Within a couple of days of the Read Across Lawrence kickoff, 650 copies of Marilynne Robinson’s “Housekeeping” flew out of Lawrence Public Library and Kansas University libraries and spread throughout the community.
“People are most inspired when the author is able to come,” says Kathleen Morgan, library foundation director.
Unlike past years’ selections, library staff had a shorter time frame to choose a community read, this year being the first time Read Across Lawrence was held during February. They had just wrapped up discussion on Timothy Egan’s “The Worst Hard Time” in September.
The library internal group looked to The Big Read — a program that aims to encourage reading by awarding grants to facilitate community book reads — for inspiration. “Housekeeping” was one of the choices listed, and they happened to know a Lawrence resident with a connection to Pulitzer Prize-winning Robinson. They sent an invitation to Iowa where she currently lives, she accepted, and things quickly fell into place.
“It was exciting because she’s a big deal,” Morgan says. “The planets aligned for us.”
“Housekeeping” is about loss, hope, love and family ties as it follows the narrative of Ruthie and her younger sister, Lucille, raised in the small, imaginary town of Fingerbone, Idaho. The train in the remote town of Fingerbone travels through mountains and across a lake that claimed the life of their grandfather by accident and their mother by suicide.
The sisters have had a haphazard upbringing, first under the care of their competent grandmother, then their comical aunts and finally their eccentric boxcar drifting Aunt Sylvie, who returns to Fingerbone to assume care of her two nieces.
Through lyrical and precise language, Robinson illustrates a haunting portrayal of the Northwest landscape, in which she was raised. It’s appropriate, she says, for a Lawrence reading.
“I suppose because of my own history I am drawn to places that have that particular American atmosphere of frontier hovering about them,” Robinson says. “And the frontier was broad and deep, and is still a palpable presence in both Idaho and Kansas.”
Robinson uses great detail drawing out the setting, the book’s genesis from a series of metaphors she had been working on while pursuing her Ph.D. in English literature.
“It was always important to my family that we lived in a very particular place,” she says. “This was a gift to me. I loved the experience of putting it in words. But I did that, and could do it, only because my attention had been continuously drawn to it.”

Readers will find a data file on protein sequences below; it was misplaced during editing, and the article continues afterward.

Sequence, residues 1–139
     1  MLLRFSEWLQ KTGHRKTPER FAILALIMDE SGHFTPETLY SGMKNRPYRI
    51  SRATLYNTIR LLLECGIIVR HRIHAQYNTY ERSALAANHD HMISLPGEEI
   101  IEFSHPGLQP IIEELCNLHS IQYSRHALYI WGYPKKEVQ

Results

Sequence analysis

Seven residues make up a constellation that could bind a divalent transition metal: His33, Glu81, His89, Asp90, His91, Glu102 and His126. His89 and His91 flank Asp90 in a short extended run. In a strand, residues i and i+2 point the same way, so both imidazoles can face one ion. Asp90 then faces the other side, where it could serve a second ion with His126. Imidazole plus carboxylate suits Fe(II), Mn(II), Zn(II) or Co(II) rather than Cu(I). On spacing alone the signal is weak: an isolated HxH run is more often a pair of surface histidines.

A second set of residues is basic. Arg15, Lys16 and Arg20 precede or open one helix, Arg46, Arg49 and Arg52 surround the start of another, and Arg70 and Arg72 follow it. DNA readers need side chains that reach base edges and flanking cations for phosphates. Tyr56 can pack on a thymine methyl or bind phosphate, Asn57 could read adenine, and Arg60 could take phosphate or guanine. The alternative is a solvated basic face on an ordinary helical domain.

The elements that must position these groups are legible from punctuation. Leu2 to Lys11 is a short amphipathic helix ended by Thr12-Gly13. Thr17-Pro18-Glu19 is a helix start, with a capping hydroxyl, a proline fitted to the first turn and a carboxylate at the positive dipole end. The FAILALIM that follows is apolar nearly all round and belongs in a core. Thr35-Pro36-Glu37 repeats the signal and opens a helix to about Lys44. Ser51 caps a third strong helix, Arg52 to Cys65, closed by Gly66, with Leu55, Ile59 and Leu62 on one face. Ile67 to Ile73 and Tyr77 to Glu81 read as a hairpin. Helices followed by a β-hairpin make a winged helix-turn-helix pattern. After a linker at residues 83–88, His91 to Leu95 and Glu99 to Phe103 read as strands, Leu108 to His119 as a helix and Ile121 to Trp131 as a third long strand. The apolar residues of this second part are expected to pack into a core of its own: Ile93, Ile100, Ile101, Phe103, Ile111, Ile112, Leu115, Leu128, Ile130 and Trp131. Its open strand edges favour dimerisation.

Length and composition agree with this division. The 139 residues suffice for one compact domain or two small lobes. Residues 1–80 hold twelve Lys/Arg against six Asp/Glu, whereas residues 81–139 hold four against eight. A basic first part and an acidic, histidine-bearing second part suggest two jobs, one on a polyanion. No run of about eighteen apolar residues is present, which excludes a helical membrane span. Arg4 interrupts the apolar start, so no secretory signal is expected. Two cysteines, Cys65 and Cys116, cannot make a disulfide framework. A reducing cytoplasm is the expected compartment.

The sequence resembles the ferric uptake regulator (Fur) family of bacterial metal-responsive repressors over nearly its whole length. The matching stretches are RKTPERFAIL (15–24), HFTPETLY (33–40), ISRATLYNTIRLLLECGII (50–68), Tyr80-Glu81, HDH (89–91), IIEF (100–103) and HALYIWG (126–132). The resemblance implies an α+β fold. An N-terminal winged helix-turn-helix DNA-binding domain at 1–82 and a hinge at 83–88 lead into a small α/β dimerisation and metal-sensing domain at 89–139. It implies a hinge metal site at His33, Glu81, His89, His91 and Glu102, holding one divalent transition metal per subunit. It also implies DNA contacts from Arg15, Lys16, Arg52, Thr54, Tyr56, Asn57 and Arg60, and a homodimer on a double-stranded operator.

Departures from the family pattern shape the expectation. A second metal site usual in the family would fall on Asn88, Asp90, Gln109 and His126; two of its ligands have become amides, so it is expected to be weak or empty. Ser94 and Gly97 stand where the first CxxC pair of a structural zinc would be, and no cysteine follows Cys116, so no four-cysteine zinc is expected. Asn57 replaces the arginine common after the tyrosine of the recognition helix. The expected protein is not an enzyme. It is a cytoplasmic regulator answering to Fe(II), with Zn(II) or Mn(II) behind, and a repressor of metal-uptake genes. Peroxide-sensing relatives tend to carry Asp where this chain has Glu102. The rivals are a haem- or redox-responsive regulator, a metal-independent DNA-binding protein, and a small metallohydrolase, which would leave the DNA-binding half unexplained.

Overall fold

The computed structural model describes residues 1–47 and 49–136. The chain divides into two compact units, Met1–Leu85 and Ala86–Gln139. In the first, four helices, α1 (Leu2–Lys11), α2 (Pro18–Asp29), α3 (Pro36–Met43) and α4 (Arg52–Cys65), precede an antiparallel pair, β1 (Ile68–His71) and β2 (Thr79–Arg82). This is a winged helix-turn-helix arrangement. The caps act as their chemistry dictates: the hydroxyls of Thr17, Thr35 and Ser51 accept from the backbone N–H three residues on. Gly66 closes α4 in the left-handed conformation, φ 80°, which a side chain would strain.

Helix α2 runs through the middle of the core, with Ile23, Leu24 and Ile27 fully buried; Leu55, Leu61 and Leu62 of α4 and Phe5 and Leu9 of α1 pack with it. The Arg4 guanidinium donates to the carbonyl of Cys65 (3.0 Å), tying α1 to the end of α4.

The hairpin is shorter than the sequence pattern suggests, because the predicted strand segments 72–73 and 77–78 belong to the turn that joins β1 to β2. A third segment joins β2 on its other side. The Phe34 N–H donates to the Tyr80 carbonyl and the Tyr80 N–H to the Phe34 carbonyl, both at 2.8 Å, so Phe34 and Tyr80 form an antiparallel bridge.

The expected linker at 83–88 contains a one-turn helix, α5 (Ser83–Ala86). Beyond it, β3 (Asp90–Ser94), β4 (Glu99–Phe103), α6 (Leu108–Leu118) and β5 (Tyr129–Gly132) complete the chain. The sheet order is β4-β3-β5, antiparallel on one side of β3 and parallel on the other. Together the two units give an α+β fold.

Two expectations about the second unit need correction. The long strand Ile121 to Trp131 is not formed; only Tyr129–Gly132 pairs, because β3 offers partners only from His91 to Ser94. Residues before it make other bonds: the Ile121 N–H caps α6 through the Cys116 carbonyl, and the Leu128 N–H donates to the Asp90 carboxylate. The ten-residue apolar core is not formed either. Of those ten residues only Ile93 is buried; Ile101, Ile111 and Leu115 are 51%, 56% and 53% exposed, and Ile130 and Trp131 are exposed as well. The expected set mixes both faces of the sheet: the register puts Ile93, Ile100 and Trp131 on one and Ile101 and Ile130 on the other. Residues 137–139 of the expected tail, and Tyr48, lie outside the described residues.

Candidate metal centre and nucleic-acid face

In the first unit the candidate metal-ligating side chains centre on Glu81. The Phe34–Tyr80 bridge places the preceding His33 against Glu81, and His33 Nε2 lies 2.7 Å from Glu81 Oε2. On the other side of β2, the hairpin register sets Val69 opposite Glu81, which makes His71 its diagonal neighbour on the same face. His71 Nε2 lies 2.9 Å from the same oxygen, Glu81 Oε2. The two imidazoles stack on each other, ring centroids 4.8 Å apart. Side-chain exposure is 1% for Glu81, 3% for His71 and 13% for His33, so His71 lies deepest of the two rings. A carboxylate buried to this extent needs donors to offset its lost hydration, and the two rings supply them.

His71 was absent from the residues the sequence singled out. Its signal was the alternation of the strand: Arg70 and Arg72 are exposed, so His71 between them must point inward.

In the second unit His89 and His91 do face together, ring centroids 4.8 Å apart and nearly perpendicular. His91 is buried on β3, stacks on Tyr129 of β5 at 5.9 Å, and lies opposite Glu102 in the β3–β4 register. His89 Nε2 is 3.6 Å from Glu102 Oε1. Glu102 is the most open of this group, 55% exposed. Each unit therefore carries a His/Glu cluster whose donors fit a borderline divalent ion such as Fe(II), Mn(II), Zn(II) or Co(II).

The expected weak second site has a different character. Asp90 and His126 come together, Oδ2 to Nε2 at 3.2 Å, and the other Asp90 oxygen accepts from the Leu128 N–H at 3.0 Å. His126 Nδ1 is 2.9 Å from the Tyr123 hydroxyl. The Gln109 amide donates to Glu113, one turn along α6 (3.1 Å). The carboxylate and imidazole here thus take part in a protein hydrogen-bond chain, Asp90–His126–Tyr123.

But be careful not to draw any conclusions about the ties from her work to her personal life, even if you might spot some parallels.
“I can’t really tell where my fiction ends and I begin,” Robinson says. “But it is never autobiographical. If this sounds like a riddle, it puzzles me, too.”
“Housekeeping” was published in 1980, nominated for a Pulitzer Prize and won the Hemingway Foundation/PEN Award for best first novel, not to mention high praises from New York Times’ Anatole Broyard, among other reviewers. Her second novel, “Gilead,” published 24 years later, won a Pulitzer Prize and National Book Critics Circle Award for fiction. Her third, “Home,” published in 2008, won an Orange Prize for fiction.
Robinson doesn’t feel the need to rush into her writing, which has served her very well.
“I might try something out, a few pages, and decide I didn’t want to live with that voice, or that world,” she says. “I have a novel in my mind or I don’t. I’ve never been tempted to force the issue.”
Her forthcoming novel, “Lila,” takes a minor character from two of her former fiction novels and explores the full life readers have yet to be exposed to.
“Quiet lives are the most intense,” Robinson says.
After the reading and book signing event at 7 p.m. Thursday at Plymouth Congregational Church, 925 Vermont St., Robinson will be signing books, and attendees will have an opportunity to speak with her directly. The program is free and open to the public.
The final book discussion, also open to the community, has changed its date to 4 p.m. on March 13, at Pioneer Ridge-Assisted Living (4851 Harvard Road).
One of the biggest notes the library staff made when selecting the book was the level of complexity Lawrence readers would face. There are many layers, says event coordinator Polli Kenn, and much to discuss.
During the community discussions, readers have drawn attention to feminism and whether the free-spirited Aunt Sylvie would have been as disturbing to people if she were a man. They’ve spoken on family dynamics, questioning where the line is between a quirky family member and someone who is actually quite damaged. Some even found parallels between protagonist Ruthie and transcendentalist Henry David Thoreau.
“Lawrence is the type of community that’s up for that challenge,” says Morgan, the library’s foundation director. “Not all communities can handle a book like this. It’s like you read a paragraph and there is so much to unpack.”